Fed up with violence, Chuck Wall calls for an outbreak of random kindness
by Susan Reed and Doris Bacon
One morning last spring, Professor Chuck Wall was pondering his next assignment for the students in his human relations class at
"I just took out the word violence and stuck in the word kindness," says Wall, 52. "All of a sudden I had a great phrase that turned a negative into a positive."
When he walked into his classroom later that morning, Wall told his 18 students, ranging in age from 18 to 67, to pick up their pens. Then he directed them to take down the weeks assignment: "Today I will commit one random act of senseless kindness."
Hands shot up in confusion. "I dont know what Im supposed to do," complained one student. Says Wall: "They wanted me to tell them what kindness was about. I insisted they figure it out for themselves."
At the classs next meeting, a week later, Walls students were more animated than he had ever seen them. They all had stores to tell. Shane Gautreaux, 20, had distributed blankets hed bought from the Salvation Army to a group of homeless people who lived under
"What was important to me," says Wall, "was the impact the assignment had on them personally." The students, in fact, were inspired to kick off their own continuing campaign for kindness. They had bumper stickers printed that read, "Today, I will commit one random act of senseless KINDNESS . . . Will you?"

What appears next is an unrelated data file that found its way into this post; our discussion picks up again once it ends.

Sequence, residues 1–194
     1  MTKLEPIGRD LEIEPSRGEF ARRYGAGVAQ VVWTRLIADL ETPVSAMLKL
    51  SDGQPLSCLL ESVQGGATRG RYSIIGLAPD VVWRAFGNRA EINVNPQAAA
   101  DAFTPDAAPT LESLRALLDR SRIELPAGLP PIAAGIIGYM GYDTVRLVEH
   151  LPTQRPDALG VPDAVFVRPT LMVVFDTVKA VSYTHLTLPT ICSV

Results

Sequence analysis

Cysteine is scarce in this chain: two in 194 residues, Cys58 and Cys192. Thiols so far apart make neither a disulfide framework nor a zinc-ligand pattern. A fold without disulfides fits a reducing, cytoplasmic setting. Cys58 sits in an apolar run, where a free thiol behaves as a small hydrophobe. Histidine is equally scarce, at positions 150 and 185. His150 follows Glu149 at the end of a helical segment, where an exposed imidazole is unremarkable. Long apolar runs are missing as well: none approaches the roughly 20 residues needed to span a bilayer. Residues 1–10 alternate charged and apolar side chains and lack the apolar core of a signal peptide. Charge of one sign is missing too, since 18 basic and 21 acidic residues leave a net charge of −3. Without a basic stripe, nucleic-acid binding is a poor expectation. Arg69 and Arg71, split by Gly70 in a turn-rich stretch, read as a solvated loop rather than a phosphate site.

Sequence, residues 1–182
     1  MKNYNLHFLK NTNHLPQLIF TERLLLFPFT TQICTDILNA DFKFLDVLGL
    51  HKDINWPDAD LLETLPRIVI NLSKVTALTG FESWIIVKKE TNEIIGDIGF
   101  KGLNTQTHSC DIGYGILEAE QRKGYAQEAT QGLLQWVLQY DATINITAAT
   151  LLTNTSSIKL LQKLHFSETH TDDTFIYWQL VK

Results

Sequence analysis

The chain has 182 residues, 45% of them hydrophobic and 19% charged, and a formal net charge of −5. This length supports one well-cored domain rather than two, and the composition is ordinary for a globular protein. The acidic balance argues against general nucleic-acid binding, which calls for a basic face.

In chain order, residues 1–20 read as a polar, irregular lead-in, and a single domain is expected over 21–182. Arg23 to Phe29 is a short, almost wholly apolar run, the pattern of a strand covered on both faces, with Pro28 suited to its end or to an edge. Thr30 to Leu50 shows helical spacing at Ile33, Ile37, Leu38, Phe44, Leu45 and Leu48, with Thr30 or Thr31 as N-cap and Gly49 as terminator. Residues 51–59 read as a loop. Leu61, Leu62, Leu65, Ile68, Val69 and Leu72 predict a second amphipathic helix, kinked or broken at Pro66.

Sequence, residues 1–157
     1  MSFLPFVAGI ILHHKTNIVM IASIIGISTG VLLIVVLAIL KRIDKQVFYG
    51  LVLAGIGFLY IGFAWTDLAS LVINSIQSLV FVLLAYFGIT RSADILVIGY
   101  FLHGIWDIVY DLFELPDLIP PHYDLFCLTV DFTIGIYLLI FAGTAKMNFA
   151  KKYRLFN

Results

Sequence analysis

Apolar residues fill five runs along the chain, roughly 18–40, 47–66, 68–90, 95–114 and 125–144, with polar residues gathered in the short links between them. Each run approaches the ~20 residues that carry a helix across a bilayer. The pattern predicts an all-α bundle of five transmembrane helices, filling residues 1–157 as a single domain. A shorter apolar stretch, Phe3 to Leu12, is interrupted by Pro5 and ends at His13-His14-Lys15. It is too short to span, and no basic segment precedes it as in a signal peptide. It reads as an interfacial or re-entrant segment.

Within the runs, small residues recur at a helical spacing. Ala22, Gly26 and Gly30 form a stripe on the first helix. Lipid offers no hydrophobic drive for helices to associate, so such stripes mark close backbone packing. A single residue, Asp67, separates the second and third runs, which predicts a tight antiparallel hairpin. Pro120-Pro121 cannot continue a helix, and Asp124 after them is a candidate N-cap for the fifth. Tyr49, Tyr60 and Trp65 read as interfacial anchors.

Though certainly an act of kindness, the students selection of the
Walls disability - he can only distinguish light and dark and gets around with a cane - hardly seems to limit him. Last year he ran for mayor of
Now that his kindness campaign has unexpectedly caught fire, he has even more to do. He regularly receives letters asking for help in starting similar drives. In response, he has copyrighted his "kindness" phrase and is licensing it at minimal charge to nonprofit groups.
His students are beginning to see an impact too. Jessica Fredericksen arrived home recently to find that her three teenage sons had unexpectedly cleaned the house. "Just a random act of senseless kindness," explained one.
People, December 13, 1993